Tulgao - Where breathing is better than giving up-A A +A
Thursday, January 3, 2013
TULGAO, Tinglayan, Kalinga -- “It takes my breath away,” I have heard that from mountain trekkers and nature lovers alike several times, when viewing a spectacular landscape or scenery out in the great outdoors. I have experienced it in a different light here, as a year-end treat from nature.
Typhoon Quinta visited the Philippines in the last week of December 2012. It accompanied us in our trip to Tulgao, Tinglayan, Kalinga last December 27-28. In the afternoon of the 2th, the rain showers stopped but continued in the night. It allowed us time to trek along the community watershed and reforestation site.
The plan was to trek along the rice fields, climb up the mountain and walk down to where the mini-hydro was. Along the trail we can estimate how the newly planted pine seedlings this year survived. If there is yet time, we can climb down the base of the mountain where the river runs, watch the Palanca waterfall and bath in two hot spring tubs. Spectacular plan, really.
Well, the trail takes you to breath taking sceneries. The Tulgao rice terraces are hidden from view and it takes deliberate decision to hike with the locals to see these down below the village. The terraces have high walls and wide paddies. Some are as long as the canyons allow their construction. After walking on top of the paddies, we followed the trail to where the young pines were and growing growing robustly. I felt happy. I did not mind being led further down the steep trail towards the mini-hydro site.
Actually, I forgot I was not meant to engage with physical exertion that expands and challenges the lungs and the heart. At any rate, the downward trek did not demand too much lung output and a racing heart beat.
The mini-hydro was constructed in the 90s with community labor and financed by the Kyosato Educational Experiment Project. It gave electric lighting to Tulgao in 1994-2000 but bogged down after five years of operation. Mr. Johnny Salabao brought the mini-hydro turbine machine for repairs in La Trinidad to no avail.
A few meters from the mini-hydro site is where the Palanca falls is. It is a strong falls and I have to step back some ten meters to be able to take photos. Still I kept wiping my lens from its showers. After taking a few shots I stripped off my clothes and joined the others in the hot spring tub nearby. It was too refreshing and I stayed in the tub for about an hour.
As much as I enjoyed the hot spring bath, we need to return back to the village. After the day’s work, the villagers would be gathering in the Parish church for the agro-forestry site development review and workshop. Already, Mr. Reagan Codmos, forester and CHARM2 Project Expert was raring to return back to the village.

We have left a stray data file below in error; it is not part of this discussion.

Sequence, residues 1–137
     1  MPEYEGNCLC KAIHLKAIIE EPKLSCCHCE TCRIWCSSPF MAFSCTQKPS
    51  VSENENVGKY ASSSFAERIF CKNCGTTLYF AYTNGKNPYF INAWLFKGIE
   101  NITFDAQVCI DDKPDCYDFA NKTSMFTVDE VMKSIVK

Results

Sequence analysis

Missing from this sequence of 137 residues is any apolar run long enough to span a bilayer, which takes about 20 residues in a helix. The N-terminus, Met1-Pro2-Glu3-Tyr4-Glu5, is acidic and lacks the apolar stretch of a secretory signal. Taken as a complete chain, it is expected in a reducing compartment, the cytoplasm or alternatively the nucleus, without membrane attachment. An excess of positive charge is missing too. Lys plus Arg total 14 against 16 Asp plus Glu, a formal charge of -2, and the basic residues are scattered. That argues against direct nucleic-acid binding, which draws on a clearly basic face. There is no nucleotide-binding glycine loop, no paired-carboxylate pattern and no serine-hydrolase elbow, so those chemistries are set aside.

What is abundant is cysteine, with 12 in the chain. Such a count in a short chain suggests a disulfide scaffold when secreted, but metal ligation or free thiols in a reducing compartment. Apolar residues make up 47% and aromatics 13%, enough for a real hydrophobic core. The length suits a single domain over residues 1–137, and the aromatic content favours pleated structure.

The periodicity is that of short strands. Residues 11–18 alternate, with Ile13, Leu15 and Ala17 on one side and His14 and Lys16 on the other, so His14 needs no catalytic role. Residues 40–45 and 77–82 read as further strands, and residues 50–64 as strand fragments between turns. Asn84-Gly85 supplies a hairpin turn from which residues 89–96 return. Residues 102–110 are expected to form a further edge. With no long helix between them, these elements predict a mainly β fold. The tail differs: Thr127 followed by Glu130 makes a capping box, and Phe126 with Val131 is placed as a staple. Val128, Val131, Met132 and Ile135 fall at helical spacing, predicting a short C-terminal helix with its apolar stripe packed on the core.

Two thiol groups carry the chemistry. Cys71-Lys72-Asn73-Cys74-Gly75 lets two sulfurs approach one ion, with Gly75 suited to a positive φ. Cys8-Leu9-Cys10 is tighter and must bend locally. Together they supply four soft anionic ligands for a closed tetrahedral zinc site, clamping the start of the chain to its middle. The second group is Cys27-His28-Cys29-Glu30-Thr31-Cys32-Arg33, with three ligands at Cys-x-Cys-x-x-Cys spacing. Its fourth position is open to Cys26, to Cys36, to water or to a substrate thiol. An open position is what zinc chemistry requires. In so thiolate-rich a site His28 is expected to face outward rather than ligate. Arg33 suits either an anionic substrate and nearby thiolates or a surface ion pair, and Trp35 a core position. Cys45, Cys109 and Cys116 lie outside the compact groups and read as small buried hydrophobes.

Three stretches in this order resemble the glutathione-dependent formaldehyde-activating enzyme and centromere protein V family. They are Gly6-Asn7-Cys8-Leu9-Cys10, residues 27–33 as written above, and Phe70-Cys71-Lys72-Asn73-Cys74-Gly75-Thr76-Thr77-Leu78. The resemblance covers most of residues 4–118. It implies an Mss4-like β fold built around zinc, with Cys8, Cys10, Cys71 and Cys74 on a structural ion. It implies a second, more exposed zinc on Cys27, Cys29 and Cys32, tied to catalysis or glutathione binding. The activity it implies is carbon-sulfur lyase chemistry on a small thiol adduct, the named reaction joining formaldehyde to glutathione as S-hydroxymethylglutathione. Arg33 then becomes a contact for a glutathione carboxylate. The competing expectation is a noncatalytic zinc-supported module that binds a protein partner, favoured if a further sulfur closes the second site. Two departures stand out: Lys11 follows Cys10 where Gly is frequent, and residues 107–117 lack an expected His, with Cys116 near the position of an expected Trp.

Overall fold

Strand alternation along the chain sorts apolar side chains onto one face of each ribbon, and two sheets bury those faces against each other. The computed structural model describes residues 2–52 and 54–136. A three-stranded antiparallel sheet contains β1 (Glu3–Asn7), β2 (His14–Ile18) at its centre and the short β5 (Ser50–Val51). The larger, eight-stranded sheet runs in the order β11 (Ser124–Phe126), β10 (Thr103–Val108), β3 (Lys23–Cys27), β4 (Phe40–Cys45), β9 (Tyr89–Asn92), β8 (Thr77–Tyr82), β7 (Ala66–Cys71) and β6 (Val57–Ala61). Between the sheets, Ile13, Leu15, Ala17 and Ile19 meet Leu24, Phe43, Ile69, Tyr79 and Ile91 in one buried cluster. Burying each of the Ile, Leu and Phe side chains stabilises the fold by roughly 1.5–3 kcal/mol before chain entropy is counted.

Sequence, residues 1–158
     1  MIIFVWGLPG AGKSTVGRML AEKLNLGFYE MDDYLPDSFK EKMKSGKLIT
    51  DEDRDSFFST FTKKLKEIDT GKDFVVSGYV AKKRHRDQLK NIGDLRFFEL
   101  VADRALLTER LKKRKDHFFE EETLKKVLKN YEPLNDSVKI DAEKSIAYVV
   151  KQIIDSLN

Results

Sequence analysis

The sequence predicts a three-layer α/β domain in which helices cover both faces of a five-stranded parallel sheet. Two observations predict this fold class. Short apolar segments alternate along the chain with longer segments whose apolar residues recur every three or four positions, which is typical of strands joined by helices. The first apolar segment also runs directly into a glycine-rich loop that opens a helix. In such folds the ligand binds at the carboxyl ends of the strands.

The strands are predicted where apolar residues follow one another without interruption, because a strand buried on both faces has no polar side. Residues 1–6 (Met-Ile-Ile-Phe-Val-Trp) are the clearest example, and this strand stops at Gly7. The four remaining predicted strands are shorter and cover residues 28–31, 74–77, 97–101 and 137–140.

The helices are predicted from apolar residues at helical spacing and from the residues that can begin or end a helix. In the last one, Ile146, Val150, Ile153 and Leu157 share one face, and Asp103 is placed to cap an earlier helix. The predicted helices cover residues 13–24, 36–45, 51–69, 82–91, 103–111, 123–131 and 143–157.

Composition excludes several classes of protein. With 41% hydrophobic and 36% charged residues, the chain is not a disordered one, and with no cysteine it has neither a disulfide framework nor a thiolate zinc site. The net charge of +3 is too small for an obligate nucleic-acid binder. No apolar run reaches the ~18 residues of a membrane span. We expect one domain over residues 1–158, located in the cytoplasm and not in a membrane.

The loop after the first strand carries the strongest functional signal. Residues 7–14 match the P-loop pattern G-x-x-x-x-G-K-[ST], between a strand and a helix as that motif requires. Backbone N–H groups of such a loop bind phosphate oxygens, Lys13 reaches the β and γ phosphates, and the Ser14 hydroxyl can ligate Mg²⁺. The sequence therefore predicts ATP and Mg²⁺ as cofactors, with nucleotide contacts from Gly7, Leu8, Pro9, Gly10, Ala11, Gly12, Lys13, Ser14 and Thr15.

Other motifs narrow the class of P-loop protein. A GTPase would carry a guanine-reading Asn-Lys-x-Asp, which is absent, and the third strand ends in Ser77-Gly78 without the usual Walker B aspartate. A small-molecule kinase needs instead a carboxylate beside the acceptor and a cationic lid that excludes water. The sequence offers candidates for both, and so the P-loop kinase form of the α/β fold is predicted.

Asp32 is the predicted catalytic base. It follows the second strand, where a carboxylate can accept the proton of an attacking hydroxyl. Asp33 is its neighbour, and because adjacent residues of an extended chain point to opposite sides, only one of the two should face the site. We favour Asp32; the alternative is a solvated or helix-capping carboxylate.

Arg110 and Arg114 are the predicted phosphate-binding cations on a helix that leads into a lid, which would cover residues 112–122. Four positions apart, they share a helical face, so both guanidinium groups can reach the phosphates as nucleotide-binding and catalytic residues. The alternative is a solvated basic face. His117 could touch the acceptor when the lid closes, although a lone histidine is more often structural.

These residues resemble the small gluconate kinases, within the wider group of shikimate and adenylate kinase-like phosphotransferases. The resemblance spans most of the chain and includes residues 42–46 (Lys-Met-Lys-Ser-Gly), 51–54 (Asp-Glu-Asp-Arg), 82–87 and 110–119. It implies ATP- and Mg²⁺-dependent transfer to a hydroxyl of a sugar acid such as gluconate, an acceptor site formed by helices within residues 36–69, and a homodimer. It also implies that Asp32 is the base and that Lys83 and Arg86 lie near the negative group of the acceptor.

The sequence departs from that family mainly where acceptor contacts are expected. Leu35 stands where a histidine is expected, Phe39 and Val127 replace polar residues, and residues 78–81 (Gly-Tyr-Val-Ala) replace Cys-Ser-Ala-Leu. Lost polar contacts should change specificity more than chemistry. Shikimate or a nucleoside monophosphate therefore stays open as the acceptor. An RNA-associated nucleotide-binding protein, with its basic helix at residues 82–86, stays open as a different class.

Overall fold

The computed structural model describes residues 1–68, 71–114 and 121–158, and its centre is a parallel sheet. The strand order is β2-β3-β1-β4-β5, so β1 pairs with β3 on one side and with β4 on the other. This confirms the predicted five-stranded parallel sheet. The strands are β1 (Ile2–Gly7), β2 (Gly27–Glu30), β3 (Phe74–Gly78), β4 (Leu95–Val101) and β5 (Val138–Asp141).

On our ascent to the top, I took up with the pace of my companions. About a hundred meters of steep climb to the top, I felt tired and perspired profusely. A few more steeps, I got dizzy and could hardly breathe. My breast seems to have expanded. I could not take another step and slowly sat down. I wanted to vomit but could not. I was fighting for breath. It was a mighty fight for me for about 30 minutes. All that was in my mind was to keep breathing, no matter what it takes. I kept thinking about my daughter’s sweet embrace when I left them with my wife in Tucocan, Bontoc.
In the culture of the Tulgao folks, a visitor whom they offered water to drink and accommodation is protected and honoured as one of their own. That brief moment took my companions by surprise. They moved some distance while watching me and had an emergency session far from my hearing. They considered a lot of options. In the end, they allowed me to come back on my own like a mountain man. When I came to, I stood up and they gathered around. I was even grateful when we all thought alike. I don’t have much energy and strength and we will return to the village with my pace even if we arrived late in the dark.
We had a long night as we processed the day’s events. I heard stories about visitors to Tulgao that the locals carried on their backs on blankets tied to a carrying pole. “They were sick,” I was told. All were city folks or people exposed to the rigours of the Tulgao environment. They do the same to fellow locals who are sick of course bringing them to Tinglayan town which is more than 10 kilometres away.
On the day of the graduation of the participants in the six-month on-site Farmers Field School for Agroforestry supported by the CHARM2 Project, Mr. Bal Claver, component coordinator of the project’s Community Watershed, Forest Management and Agroforestry (CWFMA), processed the local culture with the participants with reference to land and natural resources management. In their culture, the locals plant and grow trees for timber, fuel and watershed utilities. They also had ways to protect the trees from forest fire. Nobody deliberately burns or cuts trees or face penalties. “These good cultural practices,” according to Mr. Claver is being encouraged by the CHARM2 Project to be sustained by the local folks.
Life in Tulgao is hard and difficult. I agree. Every environment has its challenges. In Tulgao, life’s conditions have been endured by the local folks for centuries. Through rural development, we can help them not according to our terms but on their own and through genuine engagement. We can help them and yet they also can help us in many ways. As Bal Claver has done, we can encourage them by acknowledging their cultural practices that has work well for them and their ancestors all these years. For me, I will long treasure the preciousness of the act of breathing, like a warrior, than losing hope or giving up.
Published in the Sun.Star Baguio newspaper on January 03, 2013.